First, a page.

Security


Terrorism: Al-Qaeda suspects accused of planning attacks




Rome, 12 May (AKI) - Italian police have accused two French men of planning Al-Qaeda attacks in France and Europe. The French nationals were detained in Italy over alleged illegal immigration offences in November and are now believed to be important figures in the terror network.

The suspects are Bassam Ayachi, 63, an imam of Syrian descent with French nationality, and Raphael Gendron, a 34-year-old French citizen.

Their suspected terror targets included France's main international airport, Charles de Gaulle airport in Paris, and unnamed locations in Britain.

The men have been held in an Italian jail in the southern city of Bari since November as part of an investigation into illegal immigration involving local police and Ucigo, the anti-terrorism police division.

Subsequent checks allowed officers to identify two leading men involved in "the communication of Al-Qaeda in Europe," Italian police said in a statement.

Police said the men were equipped with arms and explosives and were organising terror attacks and guerilla actions.

They had also set up a recruitment and training network for militants willing to commit suicide attacks in Iraq and Afghanistan, police said.

France, Britain and Italy all have soldiers serving in a NATO-led peacekeeping force in Afghanistan.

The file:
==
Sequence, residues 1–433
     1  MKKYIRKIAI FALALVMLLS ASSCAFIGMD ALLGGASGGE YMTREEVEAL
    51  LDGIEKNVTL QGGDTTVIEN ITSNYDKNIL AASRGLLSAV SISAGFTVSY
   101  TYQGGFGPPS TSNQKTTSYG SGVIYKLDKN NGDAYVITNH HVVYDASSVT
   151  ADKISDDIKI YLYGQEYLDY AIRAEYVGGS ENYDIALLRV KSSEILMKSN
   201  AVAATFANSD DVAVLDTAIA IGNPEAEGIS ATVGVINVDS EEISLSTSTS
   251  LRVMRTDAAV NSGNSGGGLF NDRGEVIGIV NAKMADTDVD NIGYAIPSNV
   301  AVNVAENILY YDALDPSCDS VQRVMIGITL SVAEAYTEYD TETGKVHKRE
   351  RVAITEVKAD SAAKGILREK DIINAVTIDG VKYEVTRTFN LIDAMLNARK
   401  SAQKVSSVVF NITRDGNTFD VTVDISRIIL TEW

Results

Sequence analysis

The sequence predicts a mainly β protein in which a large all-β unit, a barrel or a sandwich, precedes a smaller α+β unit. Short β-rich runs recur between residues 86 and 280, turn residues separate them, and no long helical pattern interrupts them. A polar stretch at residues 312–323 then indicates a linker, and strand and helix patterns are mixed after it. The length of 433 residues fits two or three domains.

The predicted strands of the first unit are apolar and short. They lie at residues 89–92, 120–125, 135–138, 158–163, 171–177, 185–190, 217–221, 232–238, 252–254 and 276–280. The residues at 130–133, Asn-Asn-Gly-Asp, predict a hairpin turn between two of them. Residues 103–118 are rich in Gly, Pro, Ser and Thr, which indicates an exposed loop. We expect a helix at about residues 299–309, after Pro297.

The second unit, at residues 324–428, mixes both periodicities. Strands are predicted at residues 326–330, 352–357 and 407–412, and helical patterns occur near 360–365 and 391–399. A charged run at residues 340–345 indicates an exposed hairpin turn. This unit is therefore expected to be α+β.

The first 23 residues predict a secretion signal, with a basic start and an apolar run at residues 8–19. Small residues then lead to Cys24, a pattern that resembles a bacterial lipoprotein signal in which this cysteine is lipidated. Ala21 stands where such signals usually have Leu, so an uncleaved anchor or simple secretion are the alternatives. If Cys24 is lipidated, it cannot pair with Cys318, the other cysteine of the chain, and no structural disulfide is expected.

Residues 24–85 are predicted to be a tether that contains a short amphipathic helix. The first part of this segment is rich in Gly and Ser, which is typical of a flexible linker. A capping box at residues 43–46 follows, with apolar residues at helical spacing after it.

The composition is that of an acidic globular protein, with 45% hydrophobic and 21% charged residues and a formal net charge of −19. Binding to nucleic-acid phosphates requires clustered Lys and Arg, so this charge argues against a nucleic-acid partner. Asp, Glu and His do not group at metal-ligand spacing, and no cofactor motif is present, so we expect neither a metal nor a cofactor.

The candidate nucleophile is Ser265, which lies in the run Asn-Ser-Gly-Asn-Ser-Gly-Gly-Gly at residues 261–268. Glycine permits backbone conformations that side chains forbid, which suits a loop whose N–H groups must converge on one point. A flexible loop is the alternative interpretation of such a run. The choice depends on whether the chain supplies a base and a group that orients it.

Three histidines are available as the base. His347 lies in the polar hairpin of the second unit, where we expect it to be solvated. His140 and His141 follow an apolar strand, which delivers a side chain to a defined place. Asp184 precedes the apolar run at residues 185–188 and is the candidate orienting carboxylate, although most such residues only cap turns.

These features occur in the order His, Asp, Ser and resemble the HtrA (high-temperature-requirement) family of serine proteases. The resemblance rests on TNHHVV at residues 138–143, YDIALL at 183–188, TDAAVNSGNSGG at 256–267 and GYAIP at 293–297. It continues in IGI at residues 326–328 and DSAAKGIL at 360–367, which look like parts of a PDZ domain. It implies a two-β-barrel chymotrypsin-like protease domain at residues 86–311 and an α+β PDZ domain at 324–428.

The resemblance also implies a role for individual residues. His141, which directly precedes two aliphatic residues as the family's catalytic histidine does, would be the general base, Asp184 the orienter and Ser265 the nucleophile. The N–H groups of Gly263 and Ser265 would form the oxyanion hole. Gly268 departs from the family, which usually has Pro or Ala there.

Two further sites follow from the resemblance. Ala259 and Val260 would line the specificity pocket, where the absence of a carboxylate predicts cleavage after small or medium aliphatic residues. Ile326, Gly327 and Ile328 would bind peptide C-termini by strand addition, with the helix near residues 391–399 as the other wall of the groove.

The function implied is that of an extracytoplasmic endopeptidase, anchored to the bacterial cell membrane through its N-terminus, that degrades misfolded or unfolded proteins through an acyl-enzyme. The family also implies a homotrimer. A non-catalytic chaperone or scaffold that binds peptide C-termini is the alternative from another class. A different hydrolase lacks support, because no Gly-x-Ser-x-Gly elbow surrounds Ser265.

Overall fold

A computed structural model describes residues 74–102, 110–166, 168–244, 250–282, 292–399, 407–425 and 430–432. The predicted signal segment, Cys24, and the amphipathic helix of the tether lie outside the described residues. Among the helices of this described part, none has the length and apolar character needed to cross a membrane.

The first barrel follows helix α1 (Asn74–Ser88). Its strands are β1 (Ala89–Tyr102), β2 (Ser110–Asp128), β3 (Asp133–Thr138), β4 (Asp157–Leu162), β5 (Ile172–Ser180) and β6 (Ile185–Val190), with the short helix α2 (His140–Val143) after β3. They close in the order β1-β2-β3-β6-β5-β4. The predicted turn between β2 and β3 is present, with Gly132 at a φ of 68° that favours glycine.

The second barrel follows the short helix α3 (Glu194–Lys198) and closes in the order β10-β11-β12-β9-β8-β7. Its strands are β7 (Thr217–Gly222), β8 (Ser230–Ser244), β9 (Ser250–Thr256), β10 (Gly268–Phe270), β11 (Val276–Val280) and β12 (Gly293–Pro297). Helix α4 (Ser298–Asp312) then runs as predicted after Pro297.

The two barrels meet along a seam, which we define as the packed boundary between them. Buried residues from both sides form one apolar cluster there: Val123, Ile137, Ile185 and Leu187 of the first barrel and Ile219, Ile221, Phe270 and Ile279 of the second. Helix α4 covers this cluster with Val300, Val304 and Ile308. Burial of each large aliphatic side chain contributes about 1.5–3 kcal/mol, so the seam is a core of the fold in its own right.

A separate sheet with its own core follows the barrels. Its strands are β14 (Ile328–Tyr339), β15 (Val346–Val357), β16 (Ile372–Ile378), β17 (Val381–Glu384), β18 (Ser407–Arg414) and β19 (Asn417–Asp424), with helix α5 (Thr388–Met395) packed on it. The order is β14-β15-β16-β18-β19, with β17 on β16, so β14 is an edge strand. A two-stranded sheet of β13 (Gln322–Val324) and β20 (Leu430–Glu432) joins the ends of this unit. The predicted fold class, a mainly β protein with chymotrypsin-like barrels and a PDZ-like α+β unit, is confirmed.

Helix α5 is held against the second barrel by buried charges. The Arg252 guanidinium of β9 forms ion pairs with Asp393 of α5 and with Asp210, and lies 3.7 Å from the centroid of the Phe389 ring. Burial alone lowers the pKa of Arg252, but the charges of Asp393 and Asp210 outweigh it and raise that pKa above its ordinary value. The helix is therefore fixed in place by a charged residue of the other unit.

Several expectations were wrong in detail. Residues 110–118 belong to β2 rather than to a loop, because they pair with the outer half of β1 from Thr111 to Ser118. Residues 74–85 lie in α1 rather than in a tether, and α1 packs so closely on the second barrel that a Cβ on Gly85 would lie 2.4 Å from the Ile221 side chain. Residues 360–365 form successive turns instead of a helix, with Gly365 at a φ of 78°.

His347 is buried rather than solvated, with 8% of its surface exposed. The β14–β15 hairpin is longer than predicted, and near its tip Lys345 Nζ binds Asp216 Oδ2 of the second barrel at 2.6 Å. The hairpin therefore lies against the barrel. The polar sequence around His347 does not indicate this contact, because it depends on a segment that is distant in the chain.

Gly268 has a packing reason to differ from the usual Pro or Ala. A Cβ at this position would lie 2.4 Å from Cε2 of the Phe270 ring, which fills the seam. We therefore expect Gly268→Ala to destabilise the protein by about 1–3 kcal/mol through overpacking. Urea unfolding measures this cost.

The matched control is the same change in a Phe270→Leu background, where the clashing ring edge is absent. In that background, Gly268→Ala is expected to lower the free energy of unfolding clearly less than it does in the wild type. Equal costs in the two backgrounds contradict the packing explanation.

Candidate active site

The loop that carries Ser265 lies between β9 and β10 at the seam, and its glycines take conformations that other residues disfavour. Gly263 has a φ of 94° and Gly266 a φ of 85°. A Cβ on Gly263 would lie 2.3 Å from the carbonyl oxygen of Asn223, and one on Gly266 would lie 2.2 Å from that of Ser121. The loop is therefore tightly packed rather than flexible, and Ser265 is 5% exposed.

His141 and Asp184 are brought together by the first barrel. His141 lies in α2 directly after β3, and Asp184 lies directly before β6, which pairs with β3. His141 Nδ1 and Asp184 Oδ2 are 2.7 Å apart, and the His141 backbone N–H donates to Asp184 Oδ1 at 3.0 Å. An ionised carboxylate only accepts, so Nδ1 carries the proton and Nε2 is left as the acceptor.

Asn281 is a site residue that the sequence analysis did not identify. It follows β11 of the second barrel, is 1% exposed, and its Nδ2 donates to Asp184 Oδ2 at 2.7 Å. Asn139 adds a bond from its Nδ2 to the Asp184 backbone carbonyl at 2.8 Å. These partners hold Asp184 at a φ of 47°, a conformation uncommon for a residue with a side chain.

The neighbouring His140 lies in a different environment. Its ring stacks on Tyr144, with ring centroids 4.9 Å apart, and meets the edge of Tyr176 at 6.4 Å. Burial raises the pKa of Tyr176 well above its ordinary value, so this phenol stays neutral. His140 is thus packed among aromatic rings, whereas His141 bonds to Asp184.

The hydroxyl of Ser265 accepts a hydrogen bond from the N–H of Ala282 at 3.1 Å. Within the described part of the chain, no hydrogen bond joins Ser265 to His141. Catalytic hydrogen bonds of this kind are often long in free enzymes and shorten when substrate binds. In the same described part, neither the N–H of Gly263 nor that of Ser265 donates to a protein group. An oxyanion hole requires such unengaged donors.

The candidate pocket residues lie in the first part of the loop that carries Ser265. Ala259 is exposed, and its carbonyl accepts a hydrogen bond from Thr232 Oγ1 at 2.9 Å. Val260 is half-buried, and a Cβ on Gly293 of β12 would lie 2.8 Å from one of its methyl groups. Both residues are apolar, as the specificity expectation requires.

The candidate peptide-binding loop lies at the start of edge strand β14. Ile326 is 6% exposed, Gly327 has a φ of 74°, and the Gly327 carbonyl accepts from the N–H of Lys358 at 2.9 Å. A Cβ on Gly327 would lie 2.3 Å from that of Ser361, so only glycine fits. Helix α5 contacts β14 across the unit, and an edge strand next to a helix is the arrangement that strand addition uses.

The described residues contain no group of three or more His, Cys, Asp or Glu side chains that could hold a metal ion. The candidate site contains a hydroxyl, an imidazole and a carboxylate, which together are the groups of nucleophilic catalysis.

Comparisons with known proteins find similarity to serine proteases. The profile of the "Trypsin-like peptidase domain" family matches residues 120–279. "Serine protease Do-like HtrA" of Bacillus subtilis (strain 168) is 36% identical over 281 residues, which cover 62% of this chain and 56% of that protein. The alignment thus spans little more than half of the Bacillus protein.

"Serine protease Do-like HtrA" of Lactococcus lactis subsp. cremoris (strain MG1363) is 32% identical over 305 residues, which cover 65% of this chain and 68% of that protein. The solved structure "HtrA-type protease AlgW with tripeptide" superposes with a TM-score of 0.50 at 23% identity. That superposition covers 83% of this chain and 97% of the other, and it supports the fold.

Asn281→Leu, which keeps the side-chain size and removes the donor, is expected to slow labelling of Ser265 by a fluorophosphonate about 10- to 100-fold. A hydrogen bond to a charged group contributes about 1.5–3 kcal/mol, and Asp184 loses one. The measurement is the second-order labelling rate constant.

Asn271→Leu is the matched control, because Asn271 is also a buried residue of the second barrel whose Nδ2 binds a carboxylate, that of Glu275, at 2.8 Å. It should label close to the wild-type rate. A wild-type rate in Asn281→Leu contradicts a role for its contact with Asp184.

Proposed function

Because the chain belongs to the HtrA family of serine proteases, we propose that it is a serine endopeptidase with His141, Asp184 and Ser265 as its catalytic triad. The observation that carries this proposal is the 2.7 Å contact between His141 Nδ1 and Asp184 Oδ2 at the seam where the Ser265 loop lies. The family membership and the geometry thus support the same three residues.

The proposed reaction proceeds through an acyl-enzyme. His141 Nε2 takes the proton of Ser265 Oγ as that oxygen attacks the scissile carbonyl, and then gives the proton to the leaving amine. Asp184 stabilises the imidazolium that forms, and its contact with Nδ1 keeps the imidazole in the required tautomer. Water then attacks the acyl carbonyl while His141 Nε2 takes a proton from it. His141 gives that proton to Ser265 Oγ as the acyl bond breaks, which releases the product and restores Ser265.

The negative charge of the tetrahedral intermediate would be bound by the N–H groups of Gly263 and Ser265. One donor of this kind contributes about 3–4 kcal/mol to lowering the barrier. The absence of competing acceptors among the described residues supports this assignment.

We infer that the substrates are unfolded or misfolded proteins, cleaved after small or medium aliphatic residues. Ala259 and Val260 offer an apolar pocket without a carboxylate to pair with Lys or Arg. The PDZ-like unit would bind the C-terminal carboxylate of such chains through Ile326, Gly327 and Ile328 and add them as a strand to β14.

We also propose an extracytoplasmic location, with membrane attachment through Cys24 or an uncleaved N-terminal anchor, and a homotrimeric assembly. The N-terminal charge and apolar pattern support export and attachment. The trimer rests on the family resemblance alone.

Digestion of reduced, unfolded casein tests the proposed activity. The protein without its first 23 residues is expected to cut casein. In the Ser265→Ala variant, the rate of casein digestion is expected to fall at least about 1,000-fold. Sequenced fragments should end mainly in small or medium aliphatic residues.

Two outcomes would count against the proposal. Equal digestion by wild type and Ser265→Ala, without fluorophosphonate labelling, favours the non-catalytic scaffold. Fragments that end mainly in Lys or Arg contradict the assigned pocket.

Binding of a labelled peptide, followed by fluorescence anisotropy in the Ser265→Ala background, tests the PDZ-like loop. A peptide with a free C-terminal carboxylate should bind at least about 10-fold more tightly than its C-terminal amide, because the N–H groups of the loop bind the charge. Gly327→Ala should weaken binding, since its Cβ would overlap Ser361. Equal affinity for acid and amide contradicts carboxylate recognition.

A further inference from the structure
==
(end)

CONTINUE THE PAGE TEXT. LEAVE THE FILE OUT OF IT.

The two men were arrested in November 2008 when they were caught using their camper van to try to smuggle in illegal immigrants from Greece.

Adnkronos has learned the two were supplying and spreading video and other messages via the internet

Bassam Ayachi has been described a spiritual leader, committed to proselytising on behalf of Al-Qaeda.

According to police investigations, Gendron is a computer engineer who provided the technical knowledge needed to spread propaganda via the internet to support the terror network.

One investigator said that the subject was of "great importance" and the evidence demonstrated the commitment of the two men to spread propaganda with a view to carrying out attacks.




 

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